Narcissistic Personality Disorder (NPD)
(See also Overview of Personality Disorders.)
Narcissistic personality disorder is characterized by a pervasive pattern of feeling superior (grandiosity), needing admiration, and lacking empathy.
People with narcissistic personality disorder overestimate their abilities, exaggerate their achievements, and tend to underestimate the abilities of others.
Doctors diagnose narcissistic personality disorder based on specific symptoms, such as an exaggerated, unfounded sense of self-importance and talents, a need to be unconditionally admired, and a sense of entitlement.
Psychotherapy that focuses on underlying conflicts may help.
Personality disorders are long-lasting, pervasive patterns of thinking, perceiving, reacting, and relating that cause the person significant distress and/or impair the person's ability to function.
People with narcissistic personality disorder have an inflated view of self-worth (called grandiosity). They also have problems with self-esteem. To bolster their sense of superiority and self-esteem, they do the following:
They also want to be praised.
Narcissistic personality disorder occurs in about 0.5% of the general population. It is more common among men.
Other disorders are also often present. They include one or more of the following:
A substance use disorder (especially cocaine)
Genes and environmental factors may contribute to the development of narcissistic personality disorder. One theory suggests that caregivers may have interacted with the child in a way that did not help the child develop a stable sense of self. For example, caregivers may have been overly critical or praised, admired, or indulged the child too much.
Some people with this disorder have special gifts or talents and become used to associating their self-image and sense of self with the admiration and esteem of others.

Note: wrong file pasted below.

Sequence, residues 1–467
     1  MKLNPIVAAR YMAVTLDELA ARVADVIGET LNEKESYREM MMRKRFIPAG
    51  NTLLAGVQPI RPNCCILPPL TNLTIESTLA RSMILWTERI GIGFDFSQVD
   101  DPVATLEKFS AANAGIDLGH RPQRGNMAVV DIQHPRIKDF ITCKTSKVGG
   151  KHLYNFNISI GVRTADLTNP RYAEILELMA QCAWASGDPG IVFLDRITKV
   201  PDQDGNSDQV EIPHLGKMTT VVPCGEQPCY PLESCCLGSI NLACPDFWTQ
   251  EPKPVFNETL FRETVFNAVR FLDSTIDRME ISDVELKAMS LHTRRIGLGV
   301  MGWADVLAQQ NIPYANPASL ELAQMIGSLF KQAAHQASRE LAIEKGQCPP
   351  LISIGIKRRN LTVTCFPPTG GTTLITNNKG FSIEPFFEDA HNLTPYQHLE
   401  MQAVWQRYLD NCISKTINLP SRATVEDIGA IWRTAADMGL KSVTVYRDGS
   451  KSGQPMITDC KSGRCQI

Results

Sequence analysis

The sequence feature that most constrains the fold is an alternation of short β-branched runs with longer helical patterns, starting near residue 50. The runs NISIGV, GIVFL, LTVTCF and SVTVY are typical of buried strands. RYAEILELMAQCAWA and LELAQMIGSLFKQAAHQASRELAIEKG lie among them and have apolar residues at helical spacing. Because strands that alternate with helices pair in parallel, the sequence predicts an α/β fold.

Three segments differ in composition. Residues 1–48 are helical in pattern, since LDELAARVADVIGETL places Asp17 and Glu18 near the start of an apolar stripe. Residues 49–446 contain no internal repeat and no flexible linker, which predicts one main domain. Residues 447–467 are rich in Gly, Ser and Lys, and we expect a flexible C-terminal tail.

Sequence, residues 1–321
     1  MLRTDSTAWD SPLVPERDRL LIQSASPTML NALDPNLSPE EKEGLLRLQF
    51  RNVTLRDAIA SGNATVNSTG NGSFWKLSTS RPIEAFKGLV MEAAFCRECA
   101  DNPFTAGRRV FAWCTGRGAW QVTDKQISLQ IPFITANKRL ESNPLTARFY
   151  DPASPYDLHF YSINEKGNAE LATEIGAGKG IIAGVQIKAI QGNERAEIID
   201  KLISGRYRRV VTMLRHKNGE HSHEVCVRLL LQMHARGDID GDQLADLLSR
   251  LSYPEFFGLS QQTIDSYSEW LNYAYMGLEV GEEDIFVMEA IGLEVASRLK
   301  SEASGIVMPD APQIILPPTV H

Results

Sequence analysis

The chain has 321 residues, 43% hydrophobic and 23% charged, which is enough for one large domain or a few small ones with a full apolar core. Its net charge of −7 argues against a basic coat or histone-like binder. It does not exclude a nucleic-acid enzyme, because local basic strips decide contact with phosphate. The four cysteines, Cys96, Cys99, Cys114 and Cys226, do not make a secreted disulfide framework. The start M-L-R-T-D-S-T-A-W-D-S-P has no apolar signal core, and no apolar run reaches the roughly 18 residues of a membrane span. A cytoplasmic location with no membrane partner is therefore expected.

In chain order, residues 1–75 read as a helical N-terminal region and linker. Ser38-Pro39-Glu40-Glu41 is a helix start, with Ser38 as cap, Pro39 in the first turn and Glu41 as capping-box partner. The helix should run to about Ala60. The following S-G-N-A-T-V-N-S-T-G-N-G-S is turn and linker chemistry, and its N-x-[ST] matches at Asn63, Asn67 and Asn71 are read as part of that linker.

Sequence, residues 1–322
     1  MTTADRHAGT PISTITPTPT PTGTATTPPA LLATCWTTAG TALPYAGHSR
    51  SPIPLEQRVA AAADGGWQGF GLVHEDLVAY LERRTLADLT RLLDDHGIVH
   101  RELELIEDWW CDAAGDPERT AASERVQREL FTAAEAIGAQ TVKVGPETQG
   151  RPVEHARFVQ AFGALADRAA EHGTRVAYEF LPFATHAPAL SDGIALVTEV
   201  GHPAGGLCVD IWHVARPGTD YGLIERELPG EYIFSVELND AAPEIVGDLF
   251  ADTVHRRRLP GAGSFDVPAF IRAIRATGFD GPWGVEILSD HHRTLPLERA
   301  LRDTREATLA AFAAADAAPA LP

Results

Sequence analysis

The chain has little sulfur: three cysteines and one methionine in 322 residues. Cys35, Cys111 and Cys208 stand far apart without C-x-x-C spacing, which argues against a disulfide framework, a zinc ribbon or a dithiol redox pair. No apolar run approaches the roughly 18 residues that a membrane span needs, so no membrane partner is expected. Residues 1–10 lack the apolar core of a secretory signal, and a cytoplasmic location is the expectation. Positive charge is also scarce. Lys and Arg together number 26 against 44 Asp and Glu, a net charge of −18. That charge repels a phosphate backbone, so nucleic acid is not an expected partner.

People with narcissistic personality disorder overestimate their abilities and exaggerate their achievements. They think they are better than others, unique, or special. When they overestimate their own worth and achievements, they often also underestimate the worth and achievements of others.
People with this disorder are preoccupied with fantasies of great achievements—of being admired for their overwhelming intelligence or beauty, of having prestige and influence, or of experiencing a great love. They feel they should associate only with others as special and talented as themselves, not ordinary people. They use this association with extraordinary people to support and enhance their self-esteem.
Because people with narcissistic disorder need to be excessively admired, their self-esteem depends on being thought well of by others. Thus, their self-esteem is usually very fragile. They are often watching to see what others think of them and evaluating how well they are doing. They are sensitive to and bothered by criticism by others and by failure, which makes them feel humiliated and defeated. They may respond with rage or contempt, or they may viciously counterattack. Or they may withdraw or outwardly accept the situation in an effort to protect their sense of self-importance. They may avoid situations in which they can fail.
Doctors usually diagnose personality disorders based on criteria in the Diagnostic and Statistical Manual of Mental Disorders, Fifth Edition (DSM-5—see Classification and Diagnosis of Mental Illness), published by the American Psychiatric Association.
For doctors to diagnose narcissistic personality disorder, people must persistently have an inflated view of self-worth, a need for admiration, and a lack of empathy, as shown by at least five of the following:
They have an exaggerated, unfounded sense of their own importance and talents (grandiosity).
They are preoccupied with fantasies of unlimited achievements, influence, power, intelligence, beauty, or perfect love.
They believe that they are special and unique and should associate only with people of the highest caliber.
They need to be unconditionally admired.
They feel entitled.
They exploit others to achieve their own goals.
They lack empathy.
They envy others and believe that others envy them.
They are arrogant and haughty.
Also, symptoms must have begun by early adulthood.
General treatment of narcissistic personality disorder is the same as that for all personality disorders.
Psychodynamic psychotherapy can be effective. This type of psychotherapy focuses on underlying conflicts.
Some approaches developed for borderline personality disorder may be adapted and used to treat people with narcissistic personality disorder. They include
These approaches focus on disturbances in the ways people emotionally experience themselves and others.
Cognitive-behavioral therapy may appeal to people with narcissistic personality disorder. Their need for praise may enable a therapist to shape their behavior.